27th Jan 2020

Policies back to member states, says Dutch Foreign Minister

Less than a month before the start of the Dutch EU presidency, Dutch Foreign Minister Bernard Bot has signalled in a keynote speech that the Dutch government is less "integrationist" than some might think.

Speaking yesterday (2 June) at the Humboldt University in Berlin, the Dutchman stated that the maximum level of EU integration accepted by citizens has been reached, and that some EU competencies should indeed be transferred back to member states.

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According to Mr Bot, there is a growing "gap" between the competencies of the EU and its legitimacy because of the rapid transfer of political power to the EU in the last thirteen years - when three major EU treaties were signed.

"[There has been] a lot of integration in a very short time. Citizens will need to have the possibility to accommodate to the integration of Europe. As far as I am concerned, this means that we will need to stop making new treaties and changes for a while in the coming years".

Legitimacy gap

Mr Bot said that the legitimacy gap of the EU already causes an "escape back to the good old nation state".

Signalling a risk of disintegration, he added: "If the gap between the transfer of competencies (to the EU) and legitimacy becomes too big, this could mean the end of European integration as we presently know it", he added.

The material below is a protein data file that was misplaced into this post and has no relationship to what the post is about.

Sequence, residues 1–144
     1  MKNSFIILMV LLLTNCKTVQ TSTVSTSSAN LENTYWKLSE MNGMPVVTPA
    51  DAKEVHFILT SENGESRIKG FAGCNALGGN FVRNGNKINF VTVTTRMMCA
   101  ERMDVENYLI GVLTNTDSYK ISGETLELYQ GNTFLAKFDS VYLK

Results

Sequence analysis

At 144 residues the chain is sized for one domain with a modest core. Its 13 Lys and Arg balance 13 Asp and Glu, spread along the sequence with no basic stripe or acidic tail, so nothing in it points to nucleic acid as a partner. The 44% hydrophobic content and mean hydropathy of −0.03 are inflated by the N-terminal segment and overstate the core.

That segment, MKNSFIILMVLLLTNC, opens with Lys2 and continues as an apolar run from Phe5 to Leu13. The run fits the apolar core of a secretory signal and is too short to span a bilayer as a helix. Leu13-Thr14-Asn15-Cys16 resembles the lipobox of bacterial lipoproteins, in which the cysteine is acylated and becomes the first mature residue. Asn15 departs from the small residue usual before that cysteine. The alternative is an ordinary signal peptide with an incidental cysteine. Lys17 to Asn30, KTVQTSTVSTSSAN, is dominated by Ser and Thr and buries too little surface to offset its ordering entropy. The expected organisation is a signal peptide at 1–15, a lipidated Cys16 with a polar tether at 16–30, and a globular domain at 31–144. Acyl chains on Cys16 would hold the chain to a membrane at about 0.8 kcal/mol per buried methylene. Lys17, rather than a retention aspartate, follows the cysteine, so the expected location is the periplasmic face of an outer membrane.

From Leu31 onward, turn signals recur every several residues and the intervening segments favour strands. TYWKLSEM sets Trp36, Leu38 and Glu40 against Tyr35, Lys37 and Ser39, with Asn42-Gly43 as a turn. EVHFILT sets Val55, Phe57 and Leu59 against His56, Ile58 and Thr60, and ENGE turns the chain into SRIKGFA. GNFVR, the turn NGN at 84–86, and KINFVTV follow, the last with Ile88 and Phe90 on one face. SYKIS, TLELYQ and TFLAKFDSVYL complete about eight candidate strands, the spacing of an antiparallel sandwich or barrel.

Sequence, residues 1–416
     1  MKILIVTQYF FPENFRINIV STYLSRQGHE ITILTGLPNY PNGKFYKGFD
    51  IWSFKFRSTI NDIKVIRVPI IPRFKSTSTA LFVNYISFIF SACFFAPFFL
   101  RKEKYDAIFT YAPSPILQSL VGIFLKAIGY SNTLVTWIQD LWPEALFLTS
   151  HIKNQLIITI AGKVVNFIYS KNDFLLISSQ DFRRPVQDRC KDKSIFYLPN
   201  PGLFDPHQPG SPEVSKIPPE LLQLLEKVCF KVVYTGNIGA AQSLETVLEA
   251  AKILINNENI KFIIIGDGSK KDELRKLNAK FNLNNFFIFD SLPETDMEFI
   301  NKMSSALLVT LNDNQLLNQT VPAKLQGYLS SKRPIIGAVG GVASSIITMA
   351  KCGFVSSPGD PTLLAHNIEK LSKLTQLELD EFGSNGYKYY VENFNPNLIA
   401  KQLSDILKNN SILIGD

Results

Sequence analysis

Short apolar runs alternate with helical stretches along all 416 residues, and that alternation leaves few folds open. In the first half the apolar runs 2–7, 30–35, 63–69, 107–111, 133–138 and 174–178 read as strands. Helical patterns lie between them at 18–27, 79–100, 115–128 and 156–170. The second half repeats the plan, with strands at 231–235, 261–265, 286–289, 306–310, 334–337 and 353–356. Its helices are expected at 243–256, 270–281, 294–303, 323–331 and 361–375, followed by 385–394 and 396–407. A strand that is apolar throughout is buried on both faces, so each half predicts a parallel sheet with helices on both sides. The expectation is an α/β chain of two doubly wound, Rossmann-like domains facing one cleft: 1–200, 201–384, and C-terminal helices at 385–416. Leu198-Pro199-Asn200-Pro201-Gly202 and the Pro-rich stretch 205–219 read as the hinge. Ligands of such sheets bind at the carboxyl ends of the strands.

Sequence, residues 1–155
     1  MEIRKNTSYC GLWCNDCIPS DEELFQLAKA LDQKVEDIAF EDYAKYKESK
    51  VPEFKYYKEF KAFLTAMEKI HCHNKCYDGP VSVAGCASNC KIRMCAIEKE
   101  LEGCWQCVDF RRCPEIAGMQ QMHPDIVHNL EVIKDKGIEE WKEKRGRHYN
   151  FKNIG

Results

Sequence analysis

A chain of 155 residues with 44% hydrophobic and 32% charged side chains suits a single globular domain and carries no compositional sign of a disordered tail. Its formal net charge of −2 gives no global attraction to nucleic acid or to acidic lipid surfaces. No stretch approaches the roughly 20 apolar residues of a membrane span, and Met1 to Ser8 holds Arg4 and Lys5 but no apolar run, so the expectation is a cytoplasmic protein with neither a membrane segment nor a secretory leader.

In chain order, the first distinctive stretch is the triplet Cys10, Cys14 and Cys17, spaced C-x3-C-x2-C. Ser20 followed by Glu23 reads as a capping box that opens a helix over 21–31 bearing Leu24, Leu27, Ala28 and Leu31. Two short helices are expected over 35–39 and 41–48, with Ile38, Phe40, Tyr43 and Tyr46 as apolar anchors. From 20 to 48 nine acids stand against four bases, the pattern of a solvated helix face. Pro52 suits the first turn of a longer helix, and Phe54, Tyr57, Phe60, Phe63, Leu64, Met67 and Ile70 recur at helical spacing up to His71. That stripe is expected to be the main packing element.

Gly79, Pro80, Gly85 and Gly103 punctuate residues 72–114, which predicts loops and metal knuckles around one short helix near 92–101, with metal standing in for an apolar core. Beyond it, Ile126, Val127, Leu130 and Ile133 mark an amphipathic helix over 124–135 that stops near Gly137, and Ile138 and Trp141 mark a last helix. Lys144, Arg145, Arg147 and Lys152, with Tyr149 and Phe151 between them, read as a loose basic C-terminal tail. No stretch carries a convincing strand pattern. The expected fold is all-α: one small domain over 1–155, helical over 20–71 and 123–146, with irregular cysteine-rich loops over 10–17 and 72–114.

The Dutch Minister concluded that "self restraint" should become a key goal for the EU in the near future.

Policies back to member states

But he also pleaded for the re-transfer of several competencies to the national decision-making level, such as cultural policy, parts of the Common Agricultural Policy and structural policy.

"Does Europe really have to be responsible for the financing of a road which crosses no national border at all?", Mr Bot asked.

Although the draft EU Constitution does not provide for policy changes in this direction, Mr Bot was keen to reaffirm his support to the text.

He stated that the draft Constitution takes the opinions of citizens better into account, as it includes the Charter of Fundamental Rights and it introduces the possibility of a 'people's initiative' for EU legislation.

But the treaty should not be seen as the "constitutional end station", he added.

In the future, Mr Bot said he wanted to see a strengthened role for the European Court of Justice to protect the competencies of member states against EU interference.

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